by William Copeland
The purpose of this series is to share some foundational political thoughts with my wider circle. It is too rare in our day-to-day activism and organizing that we refer directly to the sources of ideas for affirmation or debate. I am choosing political works that raise questions that are related to my work, the work I see in Detroit, and nationwide. I hope that this encourages comrades to read these important texts or, at the least, to intentionally consider the questions these pieces raise. This is writing practice, self-expression, the proactive act of bringing it home #DetroitCultureCreators #GlobalBlackMetropolis #GraceLeeTaughtMe
Homelessness is and always has been a problem in our nation. Many people have been forced to live on the streets, in shelters, tent camps, and more due to different issues. Many of these issues include mental illness, domestic violence, addiction, or the cutting off of state or federal benefits. Whatever the case may be it breaks all of our hearts every time we see someone in need of food or a place to rest their head.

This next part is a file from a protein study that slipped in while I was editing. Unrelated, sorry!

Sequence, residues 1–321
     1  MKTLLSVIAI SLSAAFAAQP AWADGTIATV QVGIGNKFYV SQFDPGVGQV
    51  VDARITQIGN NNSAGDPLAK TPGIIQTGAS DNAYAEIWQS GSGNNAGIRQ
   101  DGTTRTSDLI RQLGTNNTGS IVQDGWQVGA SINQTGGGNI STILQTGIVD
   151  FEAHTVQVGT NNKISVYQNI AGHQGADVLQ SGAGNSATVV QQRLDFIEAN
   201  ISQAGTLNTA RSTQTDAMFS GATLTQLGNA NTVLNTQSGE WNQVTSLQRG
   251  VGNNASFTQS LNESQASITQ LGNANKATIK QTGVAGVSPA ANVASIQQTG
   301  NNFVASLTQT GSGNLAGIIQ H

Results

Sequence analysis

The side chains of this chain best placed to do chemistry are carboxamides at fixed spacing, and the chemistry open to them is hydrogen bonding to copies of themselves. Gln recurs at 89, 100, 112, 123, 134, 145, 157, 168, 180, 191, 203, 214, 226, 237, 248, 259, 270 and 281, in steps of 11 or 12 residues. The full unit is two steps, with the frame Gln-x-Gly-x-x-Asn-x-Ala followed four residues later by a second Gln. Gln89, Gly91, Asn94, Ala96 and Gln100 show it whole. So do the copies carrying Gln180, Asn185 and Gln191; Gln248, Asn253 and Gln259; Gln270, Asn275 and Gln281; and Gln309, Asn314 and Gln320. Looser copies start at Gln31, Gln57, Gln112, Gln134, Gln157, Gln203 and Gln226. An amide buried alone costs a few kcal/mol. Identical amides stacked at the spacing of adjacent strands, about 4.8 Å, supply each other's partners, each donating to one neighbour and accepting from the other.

by Kristian Davis Bailey
The city of Flint peaked in national headlines last month as more people learned about the city’s exposure to dangerous levels of lead-contaminated water. For almost two years, community members in Flint had been fighting a state-imposed decision to switch the city’s water source from Detroit’s clean water system to the Flint River.
Michigan is the "Great Lake State" known for its five freshwater lakes: Ontario, Erie, Huron, Superior, and Michigan. A state with such an abundance of water should never have any problem supplying its people with clean drinking water, but in cities like Detroit, Highland Park, and Flint there are a plethora of problems.
by Kierra Gray